MISSION MUMBAI by Mahtab Narsimhan is an unexpected and powerful addition to middle grade novels. The story of two boys, it is told frReview for YABC
MISSION MUMBAI by Mahtab Narsimhan is an unexpected and powerful addition to middle grade novels. The story of two boys, it is told from the POV of a white American kid named Dylan Moore. Dylan is, on the surface, the envy of his best friend, Rohit Lal. Dylan's family is privileged and have everything money can buy. Rohit comes from a middle-class family from Mumbai. He's been studying New York, and everything was made possible by the strings-attached funds of his Aunty Anjali. When Rohit returns to India for his cousin's wedding, Dylan comes along for the ride. What Rohit doesn't know is that Dylan's life isn't as perfect as it seems. Dylan might have wealth and comfort, but his parents are going through a difficult patch with talks of separation. Dylan's mother is cold. Dylan's father is a hard man who wants his son to be something he's not. He wants Dylan to be a jock. Meanwhile, Dylan is a reader who loves fantasy worlds like Lord of the Rings and Harry Potter. He loves photography and is a truly loyal friend. Still, Dylan doesn't feel the love from his parents and loves being with the Lal family.
What I loved: MISSION MUMBAI is a novel with layers. It's a novel about summer travel, and exploring an exotic new world. It's a novel about friendship and family. But it also deals with body image issues in a delicate way. Dylan says he loves two things: photography and food. He tries all of the foods he's given, no matter how strange they are to him. Then, he'll think about what his father wants him to look like or what he should look like, and he'll do jumping jacks or want to walk an extra few minutes in the hot Mumbai sun. It's heartbreaking, but Dylan maintains an upbeat and positive outlook on life and the trip.
Friendship is one of this highlighted themes in MISSION MUMBAI. Narsimhan pairs two boys from opposite worlds, cultures, and social backgrounds. She gives them a friendship that is bound by their love of fantasy and nerdom. Their friendship is put to the test as Dylan dives into life in India, while Rohit rejects his culture. He wants American things--soda, burgers, pizza, TV. Dylan wants samosas, mango lassis, and Bollywood movies. They're each in possession of something the other wants. Rohit wants money because he believes that'll solve his family's woes. Dylan wants the love and unity of Rohit's family. Their bond is severely tested throughout the book, but they're a pair to root for. Together they get into a LOT of trouble, but they come out stronger in the end.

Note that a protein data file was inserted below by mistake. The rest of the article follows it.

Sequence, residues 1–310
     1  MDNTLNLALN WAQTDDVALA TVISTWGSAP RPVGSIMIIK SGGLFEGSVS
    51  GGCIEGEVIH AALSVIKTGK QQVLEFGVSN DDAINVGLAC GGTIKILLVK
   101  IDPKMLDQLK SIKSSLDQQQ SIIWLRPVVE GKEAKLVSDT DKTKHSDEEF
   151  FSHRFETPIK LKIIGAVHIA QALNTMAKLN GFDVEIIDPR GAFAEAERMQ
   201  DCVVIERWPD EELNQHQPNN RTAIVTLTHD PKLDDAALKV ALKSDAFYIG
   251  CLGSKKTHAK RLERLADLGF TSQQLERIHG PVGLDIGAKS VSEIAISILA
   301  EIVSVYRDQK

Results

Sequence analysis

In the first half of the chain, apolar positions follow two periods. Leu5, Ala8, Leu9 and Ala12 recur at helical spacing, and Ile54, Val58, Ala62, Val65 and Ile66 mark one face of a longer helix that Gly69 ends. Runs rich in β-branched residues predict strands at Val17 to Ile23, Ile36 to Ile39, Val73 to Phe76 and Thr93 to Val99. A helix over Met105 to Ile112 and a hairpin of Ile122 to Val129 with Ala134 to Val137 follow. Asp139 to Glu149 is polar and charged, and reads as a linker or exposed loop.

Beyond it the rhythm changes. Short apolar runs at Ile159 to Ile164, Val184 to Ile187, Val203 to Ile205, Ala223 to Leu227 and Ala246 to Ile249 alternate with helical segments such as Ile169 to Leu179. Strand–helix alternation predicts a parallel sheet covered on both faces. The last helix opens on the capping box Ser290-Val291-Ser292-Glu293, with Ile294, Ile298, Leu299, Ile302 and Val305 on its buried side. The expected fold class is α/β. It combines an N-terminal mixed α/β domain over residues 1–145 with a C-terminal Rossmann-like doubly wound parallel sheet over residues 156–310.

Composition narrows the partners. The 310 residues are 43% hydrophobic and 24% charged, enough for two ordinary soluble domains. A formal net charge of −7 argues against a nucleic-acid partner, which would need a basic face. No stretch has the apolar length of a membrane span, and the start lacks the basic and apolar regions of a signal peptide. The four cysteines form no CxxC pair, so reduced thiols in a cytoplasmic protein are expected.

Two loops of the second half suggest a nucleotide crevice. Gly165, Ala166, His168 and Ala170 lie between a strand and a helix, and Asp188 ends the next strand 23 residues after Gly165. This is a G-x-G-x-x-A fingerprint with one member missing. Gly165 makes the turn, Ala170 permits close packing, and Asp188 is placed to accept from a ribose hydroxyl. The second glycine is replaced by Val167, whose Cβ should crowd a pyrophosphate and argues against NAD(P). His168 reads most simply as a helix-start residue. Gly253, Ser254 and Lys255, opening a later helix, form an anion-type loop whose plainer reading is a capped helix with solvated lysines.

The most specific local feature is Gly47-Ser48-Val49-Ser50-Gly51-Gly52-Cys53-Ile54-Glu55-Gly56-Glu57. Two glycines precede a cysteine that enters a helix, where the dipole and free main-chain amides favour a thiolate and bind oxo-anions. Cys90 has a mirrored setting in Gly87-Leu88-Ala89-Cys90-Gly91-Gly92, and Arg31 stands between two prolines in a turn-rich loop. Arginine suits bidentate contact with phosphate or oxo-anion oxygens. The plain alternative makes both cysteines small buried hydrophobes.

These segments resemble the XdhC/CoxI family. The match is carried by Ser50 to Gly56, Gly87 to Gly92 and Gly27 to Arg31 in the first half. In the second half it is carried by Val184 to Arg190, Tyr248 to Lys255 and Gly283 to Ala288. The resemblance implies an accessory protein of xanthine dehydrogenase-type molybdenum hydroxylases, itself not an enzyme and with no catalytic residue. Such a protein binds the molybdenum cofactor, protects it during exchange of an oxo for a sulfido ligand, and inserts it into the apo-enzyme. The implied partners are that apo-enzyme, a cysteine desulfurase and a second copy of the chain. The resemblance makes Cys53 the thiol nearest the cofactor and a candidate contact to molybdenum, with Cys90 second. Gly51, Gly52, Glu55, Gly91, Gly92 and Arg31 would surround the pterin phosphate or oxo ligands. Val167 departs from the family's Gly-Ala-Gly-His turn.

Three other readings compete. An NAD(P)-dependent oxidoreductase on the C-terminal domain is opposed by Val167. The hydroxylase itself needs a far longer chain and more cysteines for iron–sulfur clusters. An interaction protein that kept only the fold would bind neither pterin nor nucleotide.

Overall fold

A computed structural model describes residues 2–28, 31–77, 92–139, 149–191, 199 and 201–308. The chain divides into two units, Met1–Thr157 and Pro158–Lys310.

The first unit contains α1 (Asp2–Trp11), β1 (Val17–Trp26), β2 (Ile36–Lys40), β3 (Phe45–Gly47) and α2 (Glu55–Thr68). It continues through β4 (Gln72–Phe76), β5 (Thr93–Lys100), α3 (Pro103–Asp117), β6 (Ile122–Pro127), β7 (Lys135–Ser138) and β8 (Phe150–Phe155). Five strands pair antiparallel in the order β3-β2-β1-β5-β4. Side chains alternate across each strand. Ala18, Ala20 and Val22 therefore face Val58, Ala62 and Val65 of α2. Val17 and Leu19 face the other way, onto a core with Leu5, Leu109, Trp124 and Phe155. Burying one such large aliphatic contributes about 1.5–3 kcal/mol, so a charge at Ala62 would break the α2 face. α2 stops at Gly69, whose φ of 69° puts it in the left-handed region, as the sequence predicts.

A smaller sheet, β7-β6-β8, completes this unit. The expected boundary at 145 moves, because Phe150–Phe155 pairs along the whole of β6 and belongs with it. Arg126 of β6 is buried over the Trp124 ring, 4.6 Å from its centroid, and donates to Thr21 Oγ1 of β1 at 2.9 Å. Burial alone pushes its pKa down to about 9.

Mahtab Narsimhan tells a story of India from a foreigner's point of view instead of a native. Had the book been told from Rohit's point of view, the book would have been completely different. Indeed, Rohit is painted as a kid who has been spoiled by American culture. He wants to go back to New York. He wants to explore America. He's already lived in India, and so nothing is new to him. Because we see India from Dylan's point of view, we get to experience it from a new lens. Dylan messes up a lot when dealing with life in India. He isn't accustomed to some social boundaries, and nearly gets mauled by a mob when he tries to push a cow out of a blocked road. There's a learning curve for him, and for the reader who might not know anything about Indian culture.
Verdict: MISSION MUMBAI by Mahtab Narsimhan is a fun and exciting exploration of family, friendship, and life in Mumbai. It will have you laughing and crying while rooting for the Fellowship of Dylan and Rohit.